“God bless you, they’re exonerated,” he said through a closed door.
Mr. Halim was 23, a follower of the Black nationalist group the Nation of Islam and a member of its Newark mosque in 1964, when, he said in an affidavit years later, two men brought him into their car on a street in downtown Paterson, N.J., to discuss killing Malcolm X.
Malcolm X had spent 12 years in the Nation of Islam, rising rapidly to its top ranks as it expanded. But in 1964, fissures between him and the sect’s leader, Elijah Muhammad, widened into a messy split. Mr. Muhammad privately seemed to imply that he should be executed, according to Federal Bureau of Investigation files. And two months before the killing, Minister Louis Farrakhan wrote in the Nation’s official newspaper that Malcolm, his former mentor, was worthy of death.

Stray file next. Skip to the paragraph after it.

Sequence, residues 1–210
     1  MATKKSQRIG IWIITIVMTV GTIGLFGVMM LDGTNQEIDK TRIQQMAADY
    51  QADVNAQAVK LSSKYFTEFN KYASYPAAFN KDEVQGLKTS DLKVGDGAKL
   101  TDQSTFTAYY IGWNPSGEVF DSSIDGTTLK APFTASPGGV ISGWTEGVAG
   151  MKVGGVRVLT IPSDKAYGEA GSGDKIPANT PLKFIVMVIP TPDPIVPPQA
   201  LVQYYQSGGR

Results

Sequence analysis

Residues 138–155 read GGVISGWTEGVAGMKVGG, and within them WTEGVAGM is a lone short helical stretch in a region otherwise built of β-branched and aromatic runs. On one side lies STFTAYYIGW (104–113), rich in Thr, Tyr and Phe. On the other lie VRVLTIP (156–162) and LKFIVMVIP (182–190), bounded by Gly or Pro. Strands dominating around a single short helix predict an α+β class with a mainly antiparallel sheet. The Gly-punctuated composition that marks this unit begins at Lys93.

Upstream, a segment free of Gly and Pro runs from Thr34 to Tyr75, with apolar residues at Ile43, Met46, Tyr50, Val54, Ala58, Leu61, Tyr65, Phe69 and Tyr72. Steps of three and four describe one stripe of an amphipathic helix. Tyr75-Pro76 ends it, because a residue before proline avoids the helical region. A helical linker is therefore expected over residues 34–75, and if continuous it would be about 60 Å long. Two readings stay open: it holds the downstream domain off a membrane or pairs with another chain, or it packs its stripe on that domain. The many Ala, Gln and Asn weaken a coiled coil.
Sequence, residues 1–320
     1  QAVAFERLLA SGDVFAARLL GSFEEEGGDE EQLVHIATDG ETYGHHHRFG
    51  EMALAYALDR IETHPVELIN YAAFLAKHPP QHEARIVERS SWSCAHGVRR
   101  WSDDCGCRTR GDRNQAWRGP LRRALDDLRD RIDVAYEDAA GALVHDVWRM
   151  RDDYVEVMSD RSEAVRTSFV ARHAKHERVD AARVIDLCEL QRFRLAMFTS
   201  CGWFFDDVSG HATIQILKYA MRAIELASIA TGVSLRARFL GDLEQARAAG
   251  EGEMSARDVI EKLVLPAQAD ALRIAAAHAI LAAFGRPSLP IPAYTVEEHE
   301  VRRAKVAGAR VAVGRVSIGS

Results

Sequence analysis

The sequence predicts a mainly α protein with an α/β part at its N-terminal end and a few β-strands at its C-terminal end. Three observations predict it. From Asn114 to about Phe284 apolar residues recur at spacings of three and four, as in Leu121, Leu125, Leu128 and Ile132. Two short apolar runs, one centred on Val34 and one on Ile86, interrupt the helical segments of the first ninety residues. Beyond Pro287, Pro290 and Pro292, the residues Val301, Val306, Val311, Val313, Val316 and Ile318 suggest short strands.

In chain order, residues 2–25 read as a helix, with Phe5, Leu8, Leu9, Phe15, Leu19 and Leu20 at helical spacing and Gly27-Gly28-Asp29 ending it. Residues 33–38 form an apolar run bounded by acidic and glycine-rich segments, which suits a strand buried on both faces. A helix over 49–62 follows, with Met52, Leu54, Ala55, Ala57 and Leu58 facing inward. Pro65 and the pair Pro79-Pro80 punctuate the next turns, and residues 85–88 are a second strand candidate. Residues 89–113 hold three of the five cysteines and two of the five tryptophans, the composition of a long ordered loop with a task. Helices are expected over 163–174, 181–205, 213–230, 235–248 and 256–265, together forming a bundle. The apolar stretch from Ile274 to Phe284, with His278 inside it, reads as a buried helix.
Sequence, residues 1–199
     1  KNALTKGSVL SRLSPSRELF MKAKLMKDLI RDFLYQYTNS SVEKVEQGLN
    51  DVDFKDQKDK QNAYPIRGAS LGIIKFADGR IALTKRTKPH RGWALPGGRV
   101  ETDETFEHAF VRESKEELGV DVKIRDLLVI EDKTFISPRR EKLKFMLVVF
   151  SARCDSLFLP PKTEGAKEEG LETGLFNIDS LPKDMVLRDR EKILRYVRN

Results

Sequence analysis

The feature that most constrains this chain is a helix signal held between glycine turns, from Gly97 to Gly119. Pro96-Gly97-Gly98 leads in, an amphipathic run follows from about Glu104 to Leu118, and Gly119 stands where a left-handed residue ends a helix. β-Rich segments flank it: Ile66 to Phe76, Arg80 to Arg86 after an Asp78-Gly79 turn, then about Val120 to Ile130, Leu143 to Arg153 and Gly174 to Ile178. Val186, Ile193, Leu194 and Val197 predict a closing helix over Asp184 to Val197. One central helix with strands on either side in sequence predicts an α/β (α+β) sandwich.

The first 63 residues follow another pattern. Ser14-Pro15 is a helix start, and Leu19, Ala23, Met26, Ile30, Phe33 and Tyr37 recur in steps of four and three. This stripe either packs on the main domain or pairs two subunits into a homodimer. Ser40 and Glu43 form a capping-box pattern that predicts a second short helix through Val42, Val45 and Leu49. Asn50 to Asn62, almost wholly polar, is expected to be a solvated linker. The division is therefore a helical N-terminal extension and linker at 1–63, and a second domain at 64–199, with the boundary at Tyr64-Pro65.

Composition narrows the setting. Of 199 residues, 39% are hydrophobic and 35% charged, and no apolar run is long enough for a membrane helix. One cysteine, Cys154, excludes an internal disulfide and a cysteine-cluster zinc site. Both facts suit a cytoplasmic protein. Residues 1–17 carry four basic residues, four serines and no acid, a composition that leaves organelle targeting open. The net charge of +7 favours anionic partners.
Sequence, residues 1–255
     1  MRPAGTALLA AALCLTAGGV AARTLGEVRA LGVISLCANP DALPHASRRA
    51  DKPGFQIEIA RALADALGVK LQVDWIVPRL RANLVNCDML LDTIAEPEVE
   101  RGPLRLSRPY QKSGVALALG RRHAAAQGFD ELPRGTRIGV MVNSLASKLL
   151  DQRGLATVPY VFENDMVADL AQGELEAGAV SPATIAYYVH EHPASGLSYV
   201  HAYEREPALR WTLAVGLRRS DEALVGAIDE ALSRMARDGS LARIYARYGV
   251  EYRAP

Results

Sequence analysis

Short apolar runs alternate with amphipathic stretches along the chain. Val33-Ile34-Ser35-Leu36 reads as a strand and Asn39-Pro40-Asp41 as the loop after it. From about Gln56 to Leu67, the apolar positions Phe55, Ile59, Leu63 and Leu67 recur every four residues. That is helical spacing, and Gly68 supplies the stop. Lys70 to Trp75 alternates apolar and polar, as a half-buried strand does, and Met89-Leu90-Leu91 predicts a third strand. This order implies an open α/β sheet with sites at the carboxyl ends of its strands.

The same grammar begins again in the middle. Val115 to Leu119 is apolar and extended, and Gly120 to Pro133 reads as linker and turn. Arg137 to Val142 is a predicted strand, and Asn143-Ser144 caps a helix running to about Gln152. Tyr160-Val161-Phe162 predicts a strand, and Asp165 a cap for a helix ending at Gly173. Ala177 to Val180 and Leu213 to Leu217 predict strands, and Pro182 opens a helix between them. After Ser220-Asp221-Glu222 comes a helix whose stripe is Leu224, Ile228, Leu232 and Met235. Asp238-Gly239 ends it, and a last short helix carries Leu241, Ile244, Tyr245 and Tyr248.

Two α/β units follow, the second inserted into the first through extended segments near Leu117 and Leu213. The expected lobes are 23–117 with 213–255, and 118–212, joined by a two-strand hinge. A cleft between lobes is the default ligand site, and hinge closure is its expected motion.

So when Mr. Halim was approached in Paterson, his deep religious zeal led him to believe he was being tested, he told Peter Goldman, a journalist who interviewed him in prison for a biography of Malcolm X.
“I just believed, man. And I was the type of person that if I had to stand up for what I believe, I would do it,” Mr. Halim told Mr. Goldman.
In an affidavit, Mr. Halim recalled the planning of the assassination.
“We met a few times to discuss how to carry out this killing,” he wrote. “Sometimes we talked while driving around.”
In the affidavit, he also identified the other men he said were involved in the plot: Leon Davis, Benjamin Thomas and two men whose full names he did not know, “William X” and a man who went by “Wilbur or Kinly.”